Question about nucleotides and phosphoric acid

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In summary, the conversation discusses the correct terminology for the linkage between phosphoric acid and sugars. While the original sentence uses "ether bonds," it is suggested that "ester bonds" is the more accurate term. It is also noted that in the past, alkyl halides were referred to as "halide esters." Additionally, there is a discussion about the use of "linked to" versus "reacted with" when describing the bond between phosphoric acid and sugars.
  • #1
Misplaced Schoolwork Thread -- Moved to the Schoolwork forums
Hi everyone!

Is this sentence correct?

"Phosphoric acid is linked to the hydroxyl groups of the sugars via ether bonds"

I would say yes, but in the solutions this phrase is wrong and I'm a little bit confused. I think that's correct, isn't it?
 
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  • #2
Technically they’re esters. An ester is any linkage that has been formed through a hydroxyl by loss of a water molecule. The most familiar example is carboxylic esters, but in this case you have a phosphoric ester. In really old literature, you’ll occasionally see alkyl halides referred to as halide esters (e.g., butyl iodide would be butane hydriodic ester), reflecting the idea that they're formed from the dehydration reaction of the hydrogen halide with an alcohol.
 
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  • #3
All right, thank you for your reply TeethWhitener!
So instead of ether bond there must be an ester bond, then it's correct.
I have mixed up the two.
 
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  • #4
Perhaps that's nitpicking, but I don't like the idea of "being linked to the hydroxyl group". Hydroxyl group reacted and no longer exists, so nothing can be linked to it.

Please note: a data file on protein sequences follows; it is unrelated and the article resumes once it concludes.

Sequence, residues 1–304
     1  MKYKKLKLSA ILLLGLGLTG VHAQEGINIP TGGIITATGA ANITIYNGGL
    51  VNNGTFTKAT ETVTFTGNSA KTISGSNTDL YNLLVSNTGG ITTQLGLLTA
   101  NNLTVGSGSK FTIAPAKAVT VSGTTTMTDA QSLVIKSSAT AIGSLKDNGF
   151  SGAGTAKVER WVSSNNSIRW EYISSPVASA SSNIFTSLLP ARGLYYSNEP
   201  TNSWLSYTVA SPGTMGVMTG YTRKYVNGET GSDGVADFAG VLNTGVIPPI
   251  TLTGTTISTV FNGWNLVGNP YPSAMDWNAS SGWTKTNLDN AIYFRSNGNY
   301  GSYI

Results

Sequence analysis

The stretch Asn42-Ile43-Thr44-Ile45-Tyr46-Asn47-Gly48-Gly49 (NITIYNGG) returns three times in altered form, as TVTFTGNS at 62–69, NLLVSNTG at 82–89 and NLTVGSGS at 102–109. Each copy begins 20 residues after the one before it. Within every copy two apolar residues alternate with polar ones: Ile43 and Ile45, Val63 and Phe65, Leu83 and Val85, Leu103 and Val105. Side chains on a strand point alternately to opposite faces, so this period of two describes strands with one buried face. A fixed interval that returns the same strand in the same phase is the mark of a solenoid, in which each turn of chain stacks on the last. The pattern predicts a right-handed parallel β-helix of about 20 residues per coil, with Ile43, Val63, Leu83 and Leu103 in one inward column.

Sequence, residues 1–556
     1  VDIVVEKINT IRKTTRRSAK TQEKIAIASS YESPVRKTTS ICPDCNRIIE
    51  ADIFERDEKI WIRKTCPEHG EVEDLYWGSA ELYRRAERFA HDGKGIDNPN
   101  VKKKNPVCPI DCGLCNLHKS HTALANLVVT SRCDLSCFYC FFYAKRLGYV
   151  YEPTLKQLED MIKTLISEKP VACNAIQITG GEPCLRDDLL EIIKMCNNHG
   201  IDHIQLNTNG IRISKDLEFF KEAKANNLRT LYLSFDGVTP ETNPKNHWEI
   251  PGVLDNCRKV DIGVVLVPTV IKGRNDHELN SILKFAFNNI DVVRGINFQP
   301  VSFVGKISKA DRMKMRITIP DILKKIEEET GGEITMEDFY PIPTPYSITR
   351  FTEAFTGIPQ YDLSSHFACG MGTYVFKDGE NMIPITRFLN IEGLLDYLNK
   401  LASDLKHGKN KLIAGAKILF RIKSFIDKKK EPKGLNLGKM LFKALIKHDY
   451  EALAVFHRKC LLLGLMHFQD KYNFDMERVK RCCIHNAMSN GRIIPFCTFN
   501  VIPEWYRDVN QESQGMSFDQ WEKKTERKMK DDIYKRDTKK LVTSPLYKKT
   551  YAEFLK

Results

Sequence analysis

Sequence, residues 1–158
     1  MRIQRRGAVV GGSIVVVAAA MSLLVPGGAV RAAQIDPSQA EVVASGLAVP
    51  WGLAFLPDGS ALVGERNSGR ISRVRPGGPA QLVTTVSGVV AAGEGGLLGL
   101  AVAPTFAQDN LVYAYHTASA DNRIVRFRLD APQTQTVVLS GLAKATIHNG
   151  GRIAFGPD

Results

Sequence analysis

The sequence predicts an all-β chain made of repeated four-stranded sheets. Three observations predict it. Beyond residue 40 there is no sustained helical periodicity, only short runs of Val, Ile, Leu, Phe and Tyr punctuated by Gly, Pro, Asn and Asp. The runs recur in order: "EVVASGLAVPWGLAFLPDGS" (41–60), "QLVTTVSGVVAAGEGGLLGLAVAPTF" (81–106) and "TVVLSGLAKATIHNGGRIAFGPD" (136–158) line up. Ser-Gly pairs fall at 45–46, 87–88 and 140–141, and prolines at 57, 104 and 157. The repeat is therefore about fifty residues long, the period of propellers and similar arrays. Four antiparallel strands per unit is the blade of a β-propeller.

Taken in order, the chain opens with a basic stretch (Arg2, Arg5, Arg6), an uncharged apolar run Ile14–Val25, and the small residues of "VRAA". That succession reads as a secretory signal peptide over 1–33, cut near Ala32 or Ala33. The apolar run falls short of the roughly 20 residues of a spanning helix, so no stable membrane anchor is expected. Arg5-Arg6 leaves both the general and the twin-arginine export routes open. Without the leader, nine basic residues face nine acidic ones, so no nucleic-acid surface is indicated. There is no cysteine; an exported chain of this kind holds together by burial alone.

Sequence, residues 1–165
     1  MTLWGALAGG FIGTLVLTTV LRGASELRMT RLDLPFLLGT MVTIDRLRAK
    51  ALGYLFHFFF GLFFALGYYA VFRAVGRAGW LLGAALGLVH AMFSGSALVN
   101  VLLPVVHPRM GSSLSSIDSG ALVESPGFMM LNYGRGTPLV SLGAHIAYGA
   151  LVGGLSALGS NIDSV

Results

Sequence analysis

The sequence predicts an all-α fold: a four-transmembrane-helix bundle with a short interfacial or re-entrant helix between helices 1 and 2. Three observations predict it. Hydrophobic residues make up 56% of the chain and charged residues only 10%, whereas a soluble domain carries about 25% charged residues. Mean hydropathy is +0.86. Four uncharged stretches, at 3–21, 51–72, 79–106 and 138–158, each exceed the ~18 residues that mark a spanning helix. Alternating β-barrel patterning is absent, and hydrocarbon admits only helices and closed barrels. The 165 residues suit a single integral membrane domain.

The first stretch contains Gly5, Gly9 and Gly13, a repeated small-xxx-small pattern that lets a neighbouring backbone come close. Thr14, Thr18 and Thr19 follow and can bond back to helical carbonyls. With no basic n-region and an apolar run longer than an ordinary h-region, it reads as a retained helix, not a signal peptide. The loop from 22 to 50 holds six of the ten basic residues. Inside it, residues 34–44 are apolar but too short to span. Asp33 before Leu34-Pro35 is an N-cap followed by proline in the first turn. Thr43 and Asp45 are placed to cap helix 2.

• #5
All right, thanks borek!
 

1. What are nucleotides?

Nucleotides are organic molecules that serve as the building blocks of DNA and RNA. They are made up of a sugar molecule, a phosphate group, and a nitrogenous base.

2. What is the function of phosphoric acid in nucleotides?

Phosphoric acid, also known as a phosphate group, is an essential component of nucleotides. It provides the necessary negative charge for the backbone of DNA and RNA, allowing for the formation of the double helix structure.

3. How many types of nucleotides are there?

There are four types of nucleotides in DNA and RNA: adenine (A), guanine (G), cytosine (C), and thymine (T) in DNA or uracil (U) in RNA. These nucleotides are differentiated by their nitrogenous bases.

4. Can nucleotides be found in other molecules aside from DNA and RNA?

Yes, nucleotides can also be found in other molecules such as ATP (adenosine triphosphate) which is the main energy source for cells, and in coenzymes like NAD+ and FAD which are involved in various metabolic reactions.

5. How do nucleotides play a role in protein synthesis?

Nucleotides are involved in protein synthesis by carrying the genetic information from DNA to RNA through a process called transcription. This information is then used by ribosomes to produce specific amino acids, which are the building blocks of proteins.

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